Q is for Quality

| May 3, 2014

In her famous book “The Artist’s Way,” Julia Cameron advocates the idea of “morning pages”–hand-writing three pages of stream-of-consciousness text first thing every morning. This practice is meant to clear the clutter from one’s mind so that creativity can emerge, but also to chronicle any ideas which may come up when your mind is still in that creatively-fertile alpha state between sleeping and waking consciousness. Just about anything and everything can come up in this free-writing, from nonsensical rambles and mundane observations to trenchant insights and flashes of creative brilliance.  Having occasionally done Morning Pages myself, I can attest that there’s a whole lot of crap you end up sifting through, but every so often you find some creative gems buried amidst it.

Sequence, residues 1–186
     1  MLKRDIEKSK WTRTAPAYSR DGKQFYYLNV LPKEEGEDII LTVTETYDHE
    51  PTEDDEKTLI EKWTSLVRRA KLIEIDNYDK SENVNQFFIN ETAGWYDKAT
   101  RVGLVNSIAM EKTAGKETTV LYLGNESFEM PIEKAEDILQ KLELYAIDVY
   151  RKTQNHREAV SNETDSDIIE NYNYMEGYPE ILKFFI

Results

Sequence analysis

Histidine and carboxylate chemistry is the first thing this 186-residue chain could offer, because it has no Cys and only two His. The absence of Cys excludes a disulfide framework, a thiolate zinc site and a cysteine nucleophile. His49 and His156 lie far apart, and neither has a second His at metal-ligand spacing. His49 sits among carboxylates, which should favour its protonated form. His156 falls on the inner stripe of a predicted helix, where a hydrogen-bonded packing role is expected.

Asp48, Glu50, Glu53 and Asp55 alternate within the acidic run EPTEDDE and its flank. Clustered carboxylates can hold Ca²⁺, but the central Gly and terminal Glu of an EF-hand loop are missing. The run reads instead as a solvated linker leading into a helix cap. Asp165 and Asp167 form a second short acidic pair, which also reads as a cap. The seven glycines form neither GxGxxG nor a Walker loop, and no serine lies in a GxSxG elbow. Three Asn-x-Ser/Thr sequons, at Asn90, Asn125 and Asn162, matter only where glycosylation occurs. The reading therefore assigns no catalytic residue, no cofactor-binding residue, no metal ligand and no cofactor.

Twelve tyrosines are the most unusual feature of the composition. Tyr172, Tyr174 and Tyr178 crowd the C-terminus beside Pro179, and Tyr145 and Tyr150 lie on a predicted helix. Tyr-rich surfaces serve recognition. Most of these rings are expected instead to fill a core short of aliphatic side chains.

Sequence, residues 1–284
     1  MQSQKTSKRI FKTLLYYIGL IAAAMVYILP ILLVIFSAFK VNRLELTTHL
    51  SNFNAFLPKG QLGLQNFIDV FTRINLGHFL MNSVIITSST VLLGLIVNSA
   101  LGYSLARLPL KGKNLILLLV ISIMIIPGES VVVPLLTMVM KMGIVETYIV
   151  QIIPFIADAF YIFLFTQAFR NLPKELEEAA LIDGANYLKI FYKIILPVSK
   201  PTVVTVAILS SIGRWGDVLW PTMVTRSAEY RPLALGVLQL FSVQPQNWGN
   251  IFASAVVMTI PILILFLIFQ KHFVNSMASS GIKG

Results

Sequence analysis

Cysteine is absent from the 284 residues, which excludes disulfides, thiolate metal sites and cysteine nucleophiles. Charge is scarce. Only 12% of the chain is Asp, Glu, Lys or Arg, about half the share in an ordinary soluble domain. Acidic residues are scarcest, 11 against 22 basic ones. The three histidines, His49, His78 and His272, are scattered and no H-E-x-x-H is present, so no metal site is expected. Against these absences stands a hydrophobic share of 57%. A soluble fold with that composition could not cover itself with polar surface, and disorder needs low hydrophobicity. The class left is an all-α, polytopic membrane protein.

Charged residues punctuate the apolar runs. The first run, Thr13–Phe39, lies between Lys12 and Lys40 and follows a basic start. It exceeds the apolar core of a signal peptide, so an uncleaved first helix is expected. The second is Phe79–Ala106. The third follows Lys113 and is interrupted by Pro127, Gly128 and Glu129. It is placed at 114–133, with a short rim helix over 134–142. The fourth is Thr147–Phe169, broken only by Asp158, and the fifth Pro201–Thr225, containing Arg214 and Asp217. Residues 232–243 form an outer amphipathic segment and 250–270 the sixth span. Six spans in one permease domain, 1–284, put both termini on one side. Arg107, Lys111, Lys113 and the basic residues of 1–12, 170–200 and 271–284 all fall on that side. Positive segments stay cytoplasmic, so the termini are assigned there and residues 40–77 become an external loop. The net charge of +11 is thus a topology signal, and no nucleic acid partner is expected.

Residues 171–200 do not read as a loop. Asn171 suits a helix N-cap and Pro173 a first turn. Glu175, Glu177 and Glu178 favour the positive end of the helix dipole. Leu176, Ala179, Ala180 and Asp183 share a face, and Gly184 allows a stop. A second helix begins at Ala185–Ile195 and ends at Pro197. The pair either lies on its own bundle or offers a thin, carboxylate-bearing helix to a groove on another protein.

The whole point of Morning Pages, however, is to just get the words out onto the paper without judging their “quality” or lack thereof. Yet, qualifying that which we create or experience is a fundamentally human trait, not to mention an incredibly difficult habit to break. We all tend to ascribe value, good or ill, to the world around us. In one sense, doing so sets up standards and motivates us to strive for our best, but when our inner critics get nasty it can choke out that fundamental creativity. Maybe it’s impossible to completely abandon judgment or concern for quality, but if we can manage to ease up on it a little we can open ourselves to new possibilities. Or, at the very least, be a bit less attached to outcomes and a bit less worried about doing “well.”